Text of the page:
University of Massachusetts Medical School Faculty Publications

UMMS Affiliation

Department of Medicine, Division of Infectious Diseases and Immunology; Department of Medicine, Division of Diabetes

Publication Date

7-26-2013

Document Type

Article

Disciplines

Immunology of Infectious Disease | Infectious Disease | Influenza Humans | Virology | Virus Diseases

Abstract

Influenza A and B viruses form different genera, which were originally distinguished by antigenic differences in their nucleoproteins and matrix 1 proteins. Cross-protection between these two genera has not been observed in animal experiments, which is consistent with the low homology in viral proteins common to both viruses except for one of three polymerase proteins, polymerase basic 1 (PB1). Recently, however, antibody and CD4+ T cell epitopes conserved between the two genera were identified in humans. A protective antibody epitope was located in the stalk region of the surface glycoprotein, hemagglutinin, and a CD4+ T cell epitope was located in the fusion peptide of the hemagglutinin. The fusion peptide was also found to contain antibody epitopes in humans and animals. A short stretch of well-conserved peptide was also identified in the other surface glycoprotein, neuraminidase, and antibodies binding to this peptide were generated by peptide immunization in rabbits. Although PB1, the only protein which has relatively high overall sequence homology between influenza A and B viruses, is not considered an immunodominant protein in the T cell responses to influenza A virus infection, amino acid sequence comparisons show that a considerable number of previously identified T cell epitopes in the PB1 of influenza A viruses are conserved in the PB1 of influenza B viruses. These data indicate that B and T cell cross-reactivity exists between influenza A and B viruses, which may have modulatory effects on the disease process and recovery. Although the antibody titers and the specific T cell frequencies induced by natural infection or standard vaccination may not be high enough to provide cross protection in humans, it might be possible to develop immunization strategies to induce these cross-reactive responses more efficiently.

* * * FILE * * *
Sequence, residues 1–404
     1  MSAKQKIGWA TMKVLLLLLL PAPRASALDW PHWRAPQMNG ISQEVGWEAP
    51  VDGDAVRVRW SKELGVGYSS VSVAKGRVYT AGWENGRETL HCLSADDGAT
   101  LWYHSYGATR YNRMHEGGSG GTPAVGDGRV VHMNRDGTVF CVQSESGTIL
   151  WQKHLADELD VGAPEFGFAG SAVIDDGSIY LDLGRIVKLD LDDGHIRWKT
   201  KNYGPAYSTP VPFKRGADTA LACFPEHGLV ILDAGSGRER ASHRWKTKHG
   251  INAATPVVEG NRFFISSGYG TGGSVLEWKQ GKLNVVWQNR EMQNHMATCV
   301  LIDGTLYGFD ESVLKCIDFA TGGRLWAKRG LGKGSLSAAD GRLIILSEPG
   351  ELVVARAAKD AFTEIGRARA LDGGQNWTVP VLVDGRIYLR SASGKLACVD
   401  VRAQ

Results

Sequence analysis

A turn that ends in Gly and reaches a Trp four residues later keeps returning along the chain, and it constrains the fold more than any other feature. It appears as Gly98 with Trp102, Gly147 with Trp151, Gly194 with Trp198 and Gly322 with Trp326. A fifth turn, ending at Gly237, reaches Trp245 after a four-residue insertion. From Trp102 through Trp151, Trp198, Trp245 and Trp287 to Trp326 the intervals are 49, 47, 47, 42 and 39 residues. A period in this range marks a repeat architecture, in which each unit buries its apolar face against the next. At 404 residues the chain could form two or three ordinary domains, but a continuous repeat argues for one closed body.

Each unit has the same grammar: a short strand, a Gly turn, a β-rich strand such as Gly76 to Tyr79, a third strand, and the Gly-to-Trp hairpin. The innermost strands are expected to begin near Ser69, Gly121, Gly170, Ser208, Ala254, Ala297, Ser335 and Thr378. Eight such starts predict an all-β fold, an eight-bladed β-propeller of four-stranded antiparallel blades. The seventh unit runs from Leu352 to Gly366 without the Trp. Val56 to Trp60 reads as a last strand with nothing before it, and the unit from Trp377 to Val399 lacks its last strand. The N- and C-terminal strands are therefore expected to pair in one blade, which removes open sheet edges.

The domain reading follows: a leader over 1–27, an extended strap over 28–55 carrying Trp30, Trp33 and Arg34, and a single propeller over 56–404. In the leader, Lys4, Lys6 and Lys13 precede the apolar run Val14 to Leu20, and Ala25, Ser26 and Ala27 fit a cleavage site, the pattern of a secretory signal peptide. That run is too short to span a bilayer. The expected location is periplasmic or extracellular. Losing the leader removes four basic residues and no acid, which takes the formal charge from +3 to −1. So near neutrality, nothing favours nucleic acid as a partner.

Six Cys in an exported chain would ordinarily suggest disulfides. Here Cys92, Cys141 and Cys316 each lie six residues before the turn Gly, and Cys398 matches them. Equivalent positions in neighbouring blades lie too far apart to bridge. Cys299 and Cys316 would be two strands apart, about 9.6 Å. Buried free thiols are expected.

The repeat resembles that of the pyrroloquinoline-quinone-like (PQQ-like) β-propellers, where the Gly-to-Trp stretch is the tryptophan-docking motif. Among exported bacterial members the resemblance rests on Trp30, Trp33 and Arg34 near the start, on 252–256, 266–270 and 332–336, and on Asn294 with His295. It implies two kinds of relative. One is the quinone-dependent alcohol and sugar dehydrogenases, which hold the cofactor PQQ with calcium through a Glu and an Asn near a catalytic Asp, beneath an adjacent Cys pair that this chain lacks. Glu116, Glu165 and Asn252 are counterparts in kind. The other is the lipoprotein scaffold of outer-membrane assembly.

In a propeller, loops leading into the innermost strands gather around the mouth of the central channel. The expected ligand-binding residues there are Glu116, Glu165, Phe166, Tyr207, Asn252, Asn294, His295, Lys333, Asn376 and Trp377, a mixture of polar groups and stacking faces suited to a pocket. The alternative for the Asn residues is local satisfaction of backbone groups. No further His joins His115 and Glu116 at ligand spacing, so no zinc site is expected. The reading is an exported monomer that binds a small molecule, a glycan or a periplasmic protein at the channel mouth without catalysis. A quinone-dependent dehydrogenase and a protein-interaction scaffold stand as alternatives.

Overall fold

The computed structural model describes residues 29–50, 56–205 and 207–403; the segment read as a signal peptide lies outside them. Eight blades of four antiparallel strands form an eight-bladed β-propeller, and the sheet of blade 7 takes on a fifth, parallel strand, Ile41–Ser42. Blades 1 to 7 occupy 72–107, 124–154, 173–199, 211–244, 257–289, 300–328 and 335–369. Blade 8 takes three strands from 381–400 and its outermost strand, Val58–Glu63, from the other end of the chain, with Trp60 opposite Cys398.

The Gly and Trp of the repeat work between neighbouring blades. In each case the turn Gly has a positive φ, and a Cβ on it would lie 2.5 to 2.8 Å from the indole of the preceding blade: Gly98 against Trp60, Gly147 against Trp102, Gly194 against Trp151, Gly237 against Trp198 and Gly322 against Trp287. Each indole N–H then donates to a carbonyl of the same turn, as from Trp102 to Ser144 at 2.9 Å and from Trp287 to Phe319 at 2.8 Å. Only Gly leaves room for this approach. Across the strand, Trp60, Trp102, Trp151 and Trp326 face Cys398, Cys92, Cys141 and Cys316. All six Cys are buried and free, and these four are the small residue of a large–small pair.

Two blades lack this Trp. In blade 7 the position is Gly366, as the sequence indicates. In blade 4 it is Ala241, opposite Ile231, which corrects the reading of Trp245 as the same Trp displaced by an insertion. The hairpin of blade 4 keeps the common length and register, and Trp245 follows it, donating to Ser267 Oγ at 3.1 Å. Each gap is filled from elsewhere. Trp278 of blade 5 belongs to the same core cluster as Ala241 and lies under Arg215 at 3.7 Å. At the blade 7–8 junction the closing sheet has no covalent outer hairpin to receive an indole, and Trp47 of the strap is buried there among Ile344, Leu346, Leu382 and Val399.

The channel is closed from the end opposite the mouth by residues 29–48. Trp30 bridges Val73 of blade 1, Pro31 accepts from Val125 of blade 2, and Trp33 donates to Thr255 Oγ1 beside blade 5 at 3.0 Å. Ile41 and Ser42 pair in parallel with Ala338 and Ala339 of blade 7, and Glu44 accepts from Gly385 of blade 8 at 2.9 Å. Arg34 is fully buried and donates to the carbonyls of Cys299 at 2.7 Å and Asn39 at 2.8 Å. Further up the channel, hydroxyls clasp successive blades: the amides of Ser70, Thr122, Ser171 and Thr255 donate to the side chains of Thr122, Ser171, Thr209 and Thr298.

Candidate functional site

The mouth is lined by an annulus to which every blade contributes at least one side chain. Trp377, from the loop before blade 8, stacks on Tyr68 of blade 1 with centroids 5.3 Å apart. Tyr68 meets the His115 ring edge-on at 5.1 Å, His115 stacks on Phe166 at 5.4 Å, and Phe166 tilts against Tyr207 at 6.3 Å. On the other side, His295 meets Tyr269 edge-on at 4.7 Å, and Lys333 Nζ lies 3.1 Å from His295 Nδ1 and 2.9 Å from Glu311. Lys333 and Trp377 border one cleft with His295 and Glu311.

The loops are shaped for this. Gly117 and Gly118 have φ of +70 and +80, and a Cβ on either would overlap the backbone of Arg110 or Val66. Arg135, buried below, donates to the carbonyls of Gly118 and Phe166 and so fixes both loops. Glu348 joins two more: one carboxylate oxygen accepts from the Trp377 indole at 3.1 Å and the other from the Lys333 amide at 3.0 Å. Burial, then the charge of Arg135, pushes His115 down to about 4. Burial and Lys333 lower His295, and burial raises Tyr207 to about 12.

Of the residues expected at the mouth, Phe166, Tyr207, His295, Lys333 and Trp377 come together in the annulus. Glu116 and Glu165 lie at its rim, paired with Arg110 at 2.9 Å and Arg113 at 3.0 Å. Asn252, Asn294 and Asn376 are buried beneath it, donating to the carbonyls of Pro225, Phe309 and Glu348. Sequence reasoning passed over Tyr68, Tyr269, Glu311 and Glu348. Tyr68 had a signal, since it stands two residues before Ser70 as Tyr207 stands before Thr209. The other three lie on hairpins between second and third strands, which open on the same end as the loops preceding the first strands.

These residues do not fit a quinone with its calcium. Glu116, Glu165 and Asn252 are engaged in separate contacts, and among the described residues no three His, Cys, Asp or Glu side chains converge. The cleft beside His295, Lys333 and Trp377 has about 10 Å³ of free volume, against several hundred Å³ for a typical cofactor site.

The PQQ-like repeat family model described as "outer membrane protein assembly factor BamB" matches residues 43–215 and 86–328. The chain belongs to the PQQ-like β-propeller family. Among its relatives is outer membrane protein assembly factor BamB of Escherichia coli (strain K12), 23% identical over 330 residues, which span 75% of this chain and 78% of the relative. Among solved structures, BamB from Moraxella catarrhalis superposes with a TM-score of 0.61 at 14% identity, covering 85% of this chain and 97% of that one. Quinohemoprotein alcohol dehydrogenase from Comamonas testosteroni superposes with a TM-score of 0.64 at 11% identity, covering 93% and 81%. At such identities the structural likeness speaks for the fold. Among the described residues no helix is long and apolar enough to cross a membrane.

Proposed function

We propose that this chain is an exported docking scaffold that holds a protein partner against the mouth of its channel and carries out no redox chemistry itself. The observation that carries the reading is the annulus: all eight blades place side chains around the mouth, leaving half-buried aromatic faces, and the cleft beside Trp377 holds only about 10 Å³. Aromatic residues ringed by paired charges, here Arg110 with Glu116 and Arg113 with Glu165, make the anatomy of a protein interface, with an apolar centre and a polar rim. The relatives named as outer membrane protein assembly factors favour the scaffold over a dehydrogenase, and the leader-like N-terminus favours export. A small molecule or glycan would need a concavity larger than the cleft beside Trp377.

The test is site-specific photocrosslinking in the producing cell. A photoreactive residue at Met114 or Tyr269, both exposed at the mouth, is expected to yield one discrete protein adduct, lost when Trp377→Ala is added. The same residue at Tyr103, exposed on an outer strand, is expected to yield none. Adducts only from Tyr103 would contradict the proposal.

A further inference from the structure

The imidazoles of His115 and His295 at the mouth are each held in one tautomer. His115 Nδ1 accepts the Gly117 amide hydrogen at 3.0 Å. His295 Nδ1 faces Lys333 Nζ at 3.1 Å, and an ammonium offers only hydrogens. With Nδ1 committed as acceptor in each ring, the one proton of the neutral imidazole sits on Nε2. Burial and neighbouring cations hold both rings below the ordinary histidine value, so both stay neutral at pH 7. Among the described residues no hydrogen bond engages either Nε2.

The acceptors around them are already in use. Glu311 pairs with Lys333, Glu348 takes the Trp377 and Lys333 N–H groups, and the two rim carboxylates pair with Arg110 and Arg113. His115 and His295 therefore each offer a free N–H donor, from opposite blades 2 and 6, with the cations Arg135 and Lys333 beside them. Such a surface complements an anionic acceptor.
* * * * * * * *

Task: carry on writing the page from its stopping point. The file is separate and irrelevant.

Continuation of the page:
Comments

Citation: Terajima M, Babon JA, Co MD, Ennis FA. Cross-reactive human B cell and T cell epitopes between influenza A and B viruses. Virol J. 2013 Jul 26;10:244. doi:10.1186/1743-422X-10-244. Link to article on publisher's site

© 2013 Terajima et al.; licensee BioMed Central Ltd.

This is an Open Access article distributed under the terms of the Creative Commons Attribution License (http://creativecommons.org/licenses/by/2.0), which permits unrestricted use, distribution, and reproduction in any medium, provided the original work is properly cited.

Related Resources

Link to article in PubMed

Keywords

Influenza A virus, Influenza B virus, Cross-reactive B cell epitopes, Cross-reactive T cell epitopes, Hemagglutinin, Fusion peptide, Neuraminidase, Polymerase basic 1

Journal/Book/Conference Title

Virology journal

PubMed ID

23886073

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